Culture Warrior

Will Ferrell is a funny man. This seems to be a fact undeniable even to those who don’t otherwise care for his brand of comedy. Even though his schtick has become reliably familiar – he often plays variations of an over-privileged adult child who is hopelessly naïve in certain categories of social life and prone to random bursts of livid anger – its regularity has yet to prevent Ferrell’s comic talents from growing stale. There seems to also be some indescribable aura at the core of Ferrell’s comic talent, something about his appearance and demeanor that can’t be explained through analyses of timing and punchline, as evidenced by his strange appearance on Jimmy Fallon last May. For many, Ferrell’s comic appeal has been this essential, indescribably funny core since his SNL days. Ferrell is funny not exclusively because of his physical comedy or imitable characters; he, as a force of nature, is pure farce (a farce of nature?). But as his film career continues to accumulate titles and as his unique comic sensibilities become better-known with his roles as producer and writer, it’s clear that, beneath his farce, Ferrell has a confrontational political and satirical streak underlying much of his work, which has naturally led to him portraying a politician in Jay Roach’s The Campaign. Ferrell’s roles, however, often exercise a fascinating and occasionally self-defeating tension between satire and farce, with one element substituting, rather than laying the groundwork for, the other. Here’s an overview of the politics of Will […]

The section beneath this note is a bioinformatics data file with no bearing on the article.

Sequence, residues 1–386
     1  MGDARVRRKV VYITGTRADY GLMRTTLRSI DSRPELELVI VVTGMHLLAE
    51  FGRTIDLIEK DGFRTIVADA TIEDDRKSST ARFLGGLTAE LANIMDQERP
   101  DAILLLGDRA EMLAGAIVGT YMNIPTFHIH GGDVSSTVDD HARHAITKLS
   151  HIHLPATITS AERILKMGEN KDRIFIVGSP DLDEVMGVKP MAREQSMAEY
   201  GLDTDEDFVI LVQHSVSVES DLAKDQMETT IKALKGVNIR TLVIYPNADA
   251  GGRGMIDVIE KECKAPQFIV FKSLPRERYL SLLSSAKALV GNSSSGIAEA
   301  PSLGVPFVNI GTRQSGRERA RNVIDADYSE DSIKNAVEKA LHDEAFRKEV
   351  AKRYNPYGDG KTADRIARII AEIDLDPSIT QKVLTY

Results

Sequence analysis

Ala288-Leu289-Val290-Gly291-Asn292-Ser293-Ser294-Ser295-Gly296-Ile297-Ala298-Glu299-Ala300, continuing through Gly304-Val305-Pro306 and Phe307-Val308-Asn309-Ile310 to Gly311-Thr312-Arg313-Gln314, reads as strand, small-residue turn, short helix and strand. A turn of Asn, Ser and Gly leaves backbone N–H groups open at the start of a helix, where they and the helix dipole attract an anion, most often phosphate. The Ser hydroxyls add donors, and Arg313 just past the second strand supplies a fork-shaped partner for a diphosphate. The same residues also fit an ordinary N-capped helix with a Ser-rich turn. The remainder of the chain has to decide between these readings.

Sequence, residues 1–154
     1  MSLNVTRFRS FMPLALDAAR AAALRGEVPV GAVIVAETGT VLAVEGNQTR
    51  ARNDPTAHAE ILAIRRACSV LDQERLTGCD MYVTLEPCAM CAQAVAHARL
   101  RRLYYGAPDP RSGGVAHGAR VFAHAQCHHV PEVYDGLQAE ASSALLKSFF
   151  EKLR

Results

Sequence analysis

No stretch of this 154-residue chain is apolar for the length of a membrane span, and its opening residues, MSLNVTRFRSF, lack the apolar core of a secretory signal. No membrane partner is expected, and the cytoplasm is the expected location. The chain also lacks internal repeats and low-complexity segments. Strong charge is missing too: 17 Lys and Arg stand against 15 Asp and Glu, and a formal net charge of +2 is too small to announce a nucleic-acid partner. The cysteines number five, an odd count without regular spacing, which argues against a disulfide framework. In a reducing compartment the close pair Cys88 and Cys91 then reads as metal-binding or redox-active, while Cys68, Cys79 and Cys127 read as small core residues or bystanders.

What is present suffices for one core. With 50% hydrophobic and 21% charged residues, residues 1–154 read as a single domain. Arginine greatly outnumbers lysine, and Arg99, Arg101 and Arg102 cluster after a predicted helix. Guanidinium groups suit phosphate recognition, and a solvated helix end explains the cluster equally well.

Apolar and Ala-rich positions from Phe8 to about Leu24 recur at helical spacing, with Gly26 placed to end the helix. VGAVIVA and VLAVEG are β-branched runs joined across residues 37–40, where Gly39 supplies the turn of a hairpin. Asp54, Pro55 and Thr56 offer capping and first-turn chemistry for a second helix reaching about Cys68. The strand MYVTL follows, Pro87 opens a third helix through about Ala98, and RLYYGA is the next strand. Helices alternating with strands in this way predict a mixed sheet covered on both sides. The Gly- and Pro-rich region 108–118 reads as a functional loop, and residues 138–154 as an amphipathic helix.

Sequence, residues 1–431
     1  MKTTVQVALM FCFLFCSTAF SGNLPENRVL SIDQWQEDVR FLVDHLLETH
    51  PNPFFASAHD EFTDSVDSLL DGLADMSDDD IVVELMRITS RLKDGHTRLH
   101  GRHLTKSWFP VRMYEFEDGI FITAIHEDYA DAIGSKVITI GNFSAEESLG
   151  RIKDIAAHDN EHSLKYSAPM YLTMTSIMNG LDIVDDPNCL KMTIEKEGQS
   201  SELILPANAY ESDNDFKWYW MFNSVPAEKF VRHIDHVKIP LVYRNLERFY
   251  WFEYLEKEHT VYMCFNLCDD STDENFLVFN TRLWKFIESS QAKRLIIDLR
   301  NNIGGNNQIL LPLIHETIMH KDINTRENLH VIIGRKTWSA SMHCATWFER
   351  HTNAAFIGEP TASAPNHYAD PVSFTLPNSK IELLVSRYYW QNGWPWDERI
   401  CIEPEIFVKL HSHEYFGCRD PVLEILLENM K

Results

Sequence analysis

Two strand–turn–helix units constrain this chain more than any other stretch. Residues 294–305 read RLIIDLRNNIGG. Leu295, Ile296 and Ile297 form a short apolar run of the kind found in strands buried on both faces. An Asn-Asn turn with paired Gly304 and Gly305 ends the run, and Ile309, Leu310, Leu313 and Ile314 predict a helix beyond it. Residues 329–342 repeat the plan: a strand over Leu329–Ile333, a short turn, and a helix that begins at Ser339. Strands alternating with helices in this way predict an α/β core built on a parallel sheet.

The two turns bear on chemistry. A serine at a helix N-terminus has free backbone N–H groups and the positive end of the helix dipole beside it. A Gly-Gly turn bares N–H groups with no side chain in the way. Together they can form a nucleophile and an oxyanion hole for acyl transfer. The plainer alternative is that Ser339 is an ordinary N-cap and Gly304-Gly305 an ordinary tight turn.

Farce is not easy to do, which is why it’s a good thing that Roman Polanski got four formidable actors to take on the challenge of Carnage. Based on the play “God of Carnage” from Yasmina Reza, the film version features Jodie Foster, John C. Reilly, Kate Winslet and Christoph Waltz as two couples (respectively) whose children have been in a schoolyard scrape. They meet for a conversation and all end up losing their minds over the situation. The wine probably helps, but watching everyone succumb to the outrage is hysterical – especially Reilly who pulls off layered, impotent rage like no man on this planet. What’s so great about this first look is that it isn’t funny in the way that, say, The Office is. There’s no passive aggressive awkwardness fueling the cringing feeling for the audience; the comedy comes straight from the breakdown. Bask in the glory of this fantastic trailer for yourself:


Every Sunday, Film School Rejects presents a movie that was made before you were born and tells you why you should like it. This week, Old Ass Movies presents the story of two women who kill old men for charity, their nephew who wants to get married without being sent to prison, his brother who thinks he’s Teddy Roosevelt and his other brother who looks like Boris Karloff and has killed plenty of people himself. Insanity might run in the family, but it’s also the story of the bodies buried in the basement and the one still hanging around the living room. Yes. It’s a comedy.

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published: 12.23.2014
published: 12.22.2014
published: 12.19.2014

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